By Michael Feingold
By Elizabeth Zimmer
By James Hannaham
By Christian Viveros-Faune
By Christian Viveros-Faune
By R. C. Baker
By Michael Feingold
By Michael Musto
The National Endowment for the Arts released a survey in July based on 2002 Census Bureau data that indicates just 56.6 percent of Americans had read a single book of any kind in the year prior. Yet, against a worldwide web of evidence to the contrary, many bookworms refuse to concede the diminished role of literature in a high-tech society. Alan Liu, a professor of English literature at UC-Santa Barbara, is not one of them. In his new book, The Laws of Cool: Knowledge Work and the Culture of Information(Chicago), Liu writes that "whether we should elegize or celebrate 'the death of literature' . . . is now beside the point."
Literature in the last two decades has become a school subject unbound. The critical theory and identity politics that emerged in a more diverse American academy in the 1970s deconstructed the patriarchal fiction of a white-members-only canon, opening literary study to more than sweetly musty books. University English departments now play de facto host to a broader discipline of Cultural Studies, in which any objecta fanzine, a Volvo, a Balinese cockfightis a set of signs that can be read and interpreted as a text.
But when literature no longer possesses greater inherent value than any other text you can download from the Internet, then literature has become mere information. Liu writes in The Laws of Cool, "I went to sleep one day a cultural critic and woke the next metamorphosed into a data processor."
The immigrant son of an engineer, and no Luddite reactionary, Liu doesn't want to regress the study of literature to its 1950s incarnation as a gentleman's sport. Although he's an expert in English Romanticismhis first book, Wordsworth: The Sense of History (1989), remains a must-read in that fieldLiu was an early adopter of computers. "I bought an IBM PC, one of the first models they made, in 1982 dollars of $5,500 or something like that. And I was only making something like $11,000 that year," Liu tells the Voice.
While continuing to guide confused undergraduates through the metaphysical walkabouts of The Prelude, Liu in 1994 designed Voice of the Shuttle (vos.ucsb.edu), an ambitious online humanities resource. He also began work on a book, about the relationship of information culture to literature, that would occupy him for a decade. "The more I wrote, however, the more I kept being blocked by the problem ofas I conceive of it nowa popular aesthetic, which is dominant and much more important than a literary aesthetic. I call it 'cool.' "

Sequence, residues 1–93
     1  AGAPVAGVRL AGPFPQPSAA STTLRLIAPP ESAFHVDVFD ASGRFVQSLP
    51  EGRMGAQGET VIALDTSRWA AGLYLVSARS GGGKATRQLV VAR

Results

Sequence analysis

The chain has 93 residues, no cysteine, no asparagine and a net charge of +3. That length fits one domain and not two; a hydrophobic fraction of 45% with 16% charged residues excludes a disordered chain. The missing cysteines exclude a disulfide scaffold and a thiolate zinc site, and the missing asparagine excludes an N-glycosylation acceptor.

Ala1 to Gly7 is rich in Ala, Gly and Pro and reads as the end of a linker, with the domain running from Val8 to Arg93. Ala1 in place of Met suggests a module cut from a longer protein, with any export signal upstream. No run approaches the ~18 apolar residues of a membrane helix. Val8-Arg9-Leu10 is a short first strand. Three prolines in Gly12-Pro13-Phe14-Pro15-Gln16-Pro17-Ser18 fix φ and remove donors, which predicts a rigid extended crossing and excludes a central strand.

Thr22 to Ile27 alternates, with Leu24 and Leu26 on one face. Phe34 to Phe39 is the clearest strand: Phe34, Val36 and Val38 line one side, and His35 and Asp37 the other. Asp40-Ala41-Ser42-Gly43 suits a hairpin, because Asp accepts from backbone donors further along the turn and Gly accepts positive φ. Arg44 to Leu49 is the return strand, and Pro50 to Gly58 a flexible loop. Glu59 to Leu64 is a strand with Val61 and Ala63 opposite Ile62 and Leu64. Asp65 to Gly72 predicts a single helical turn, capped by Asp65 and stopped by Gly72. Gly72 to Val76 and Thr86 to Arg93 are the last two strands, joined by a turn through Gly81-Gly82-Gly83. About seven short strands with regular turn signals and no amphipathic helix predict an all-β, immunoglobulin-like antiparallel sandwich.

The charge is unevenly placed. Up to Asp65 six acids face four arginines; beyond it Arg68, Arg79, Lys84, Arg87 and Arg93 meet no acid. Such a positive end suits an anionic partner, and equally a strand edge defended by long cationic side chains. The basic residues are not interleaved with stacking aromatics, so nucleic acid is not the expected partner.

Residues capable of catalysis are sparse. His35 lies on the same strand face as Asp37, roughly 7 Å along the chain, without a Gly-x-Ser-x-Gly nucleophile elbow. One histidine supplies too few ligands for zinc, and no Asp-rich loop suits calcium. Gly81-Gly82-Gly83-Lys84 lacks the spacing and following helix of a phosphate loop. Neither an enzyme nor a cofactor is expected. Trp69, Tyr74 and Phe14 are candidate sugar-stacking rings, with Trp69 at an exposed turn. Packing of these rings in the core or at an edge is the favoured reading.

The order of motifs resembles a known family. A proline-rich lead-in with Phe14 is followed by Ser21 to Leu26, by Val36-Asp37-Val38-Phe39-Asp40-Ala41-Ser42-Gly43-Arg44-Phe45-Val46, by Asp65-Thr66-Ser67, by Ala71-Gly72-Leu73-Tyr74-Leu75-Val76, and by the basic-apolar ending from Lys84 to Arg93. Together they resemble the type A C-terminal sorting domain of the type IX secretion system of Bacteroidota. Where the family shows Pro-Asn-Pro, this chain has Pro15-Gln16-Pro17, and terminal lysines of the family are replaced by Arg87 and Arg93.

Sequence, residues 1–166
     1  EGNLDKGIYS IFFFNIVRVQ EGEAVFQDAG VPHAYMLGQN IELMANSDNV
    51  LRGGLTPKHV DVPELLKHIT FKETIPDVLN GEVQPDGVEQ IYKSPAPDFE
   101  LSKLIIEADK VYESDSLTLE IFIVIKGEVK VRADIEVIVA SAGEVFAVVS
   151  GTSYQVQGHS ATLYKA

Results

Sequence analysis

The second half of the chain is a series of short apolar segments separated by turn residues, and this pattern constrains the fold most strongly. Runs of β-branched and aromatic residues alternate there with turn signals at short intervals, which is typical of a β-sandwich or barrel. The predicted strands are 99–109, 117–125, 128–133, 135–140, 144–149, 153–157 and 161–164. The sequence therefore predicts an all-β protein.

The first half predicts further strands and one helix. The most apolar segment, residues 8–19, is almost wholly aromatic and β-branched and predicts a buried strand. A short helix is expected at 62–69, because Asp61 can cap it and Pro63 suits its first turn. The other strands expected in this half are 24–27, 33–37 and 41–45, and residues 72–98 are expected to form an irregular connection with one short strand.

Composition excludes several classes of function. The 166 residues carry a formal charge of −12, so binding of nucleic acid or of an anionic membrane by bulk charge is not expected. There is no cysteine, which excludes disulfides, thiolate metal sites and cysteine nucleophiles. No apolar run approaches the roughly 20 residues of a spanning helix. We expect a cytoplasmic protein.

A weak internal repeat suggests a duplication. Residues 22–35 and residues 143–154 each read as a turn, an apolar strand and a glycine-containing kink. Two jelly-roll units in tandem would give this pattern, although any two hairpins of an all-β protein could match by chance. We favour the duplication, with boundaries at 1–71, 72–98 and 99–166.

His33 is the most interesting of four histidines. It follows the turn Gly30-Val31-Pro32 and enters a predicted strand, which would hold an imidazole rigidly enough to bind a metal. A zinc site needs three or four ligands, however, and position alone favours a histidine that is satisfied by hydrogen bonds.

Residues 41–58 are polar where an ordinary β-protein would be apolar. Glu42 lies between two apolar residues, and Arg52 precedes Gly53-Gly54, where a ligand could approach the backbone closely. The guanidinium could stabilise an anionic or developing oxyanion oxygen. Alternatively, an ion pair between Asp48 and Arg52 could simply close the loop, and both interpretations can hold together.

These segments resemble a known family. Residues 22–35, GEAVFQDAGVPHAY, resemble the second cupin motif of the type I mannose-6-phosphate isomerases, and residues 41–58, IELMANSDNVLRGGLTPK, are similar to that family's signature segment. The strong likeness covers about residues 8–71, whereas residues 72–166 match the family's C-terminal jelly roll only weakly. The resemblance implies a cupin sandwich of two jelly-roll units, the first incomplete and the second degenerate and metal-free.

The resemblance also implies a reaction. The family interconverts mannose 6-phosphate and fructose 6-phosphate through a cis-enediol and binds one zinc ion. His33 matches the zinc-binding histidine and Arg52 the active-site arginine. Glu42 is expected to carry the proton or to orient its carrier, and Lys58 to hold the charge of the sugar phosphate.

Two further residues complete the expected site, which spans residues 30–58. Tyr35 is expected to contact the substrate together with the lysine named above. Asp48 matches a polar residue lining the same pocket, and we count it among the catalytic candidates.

When we talk about culture, we talk about whether or not something sucks. "No more beauty, sublimity, tragedy, grace, or evil: only cool or not cool," Liu writes. To reach disaffected students then, teachers have got to make literature cool. But that's no easy task. Children pick up what's cool and what isn't on the playground, but not inside a classroom.
More than just a pose, cool, Liu writes, is a "parallel system of learningor just as accurately, antilearningthat turns away from an educational system it believes represents dominant knowledge culture, toward a popular culture whose corporate and media conglomerates, ironically are dominant knowledge culture." In other words, universities used to be our primary interpreters of culture, and just when knowledge itself has become a valued commodity and the humanities ought to enjoy a golden age of relevance, the networked office has already purchased the monopoly on information and its brave new philosophy.
One nation under an MBA president, "who prides himself on being incurious," Liu points out, our culture teems with the facile paradigms and dehumanizing rhetoric of downsizing. College administrators now insist as much as HMO executives on efficiency, even as they slash budgets, outsourcing labor to the higher-education version of the permanent temp, non-tenured faculty.
For the rapidly growing blue-collar class of office drones, cool lurks as a "shadow ethos," rebelling in stolen moments of on-the-job Web surfing. What other choice does a worker have whose literal and metaphorical vision have been confined to a computer screen? "Contemporary slack . . . has nowhere to go to be itself. Its only recourse is to disguise itself within the processes, procedures, and techniques of information technology."
Slack has its limits, and Liu thinks "it's time for the academy to have its say on the corporation and technology." In an information culture, the analytical skills developed by learning to read a book carefully are eye-openingly subversive. The Laws of Cool investigates contemporary management texts and reports that popular business theory unanimously emphasizes thinking outside the historical box. With innovation as its highest value, corporate culture advocates a quick march toward an ever progressive future. What the humanities offer in opposition, Liu argues, is the more nuanced, less optimistic perspective of history"not of things createdthe great, auratic artifacts treasured by a conservative or curatorial historybut of things destroyed in the name of creation."
Liu's book offers thoughtful suggestions about how the humanities can reclaim their cultural authority. But foremost, he challenges his university colleagues to join writers and artists in an effort to ethically hack corporate technology. In the future, nothing will be more cool, he believes, than destroying information. If Liu's idea sounds suspiciously cyberpunk, it is. The science fiction writer William Gibson is more influential than Marx on Liu's radical manifesto. Literature is dead, but it's the specter haunting information.
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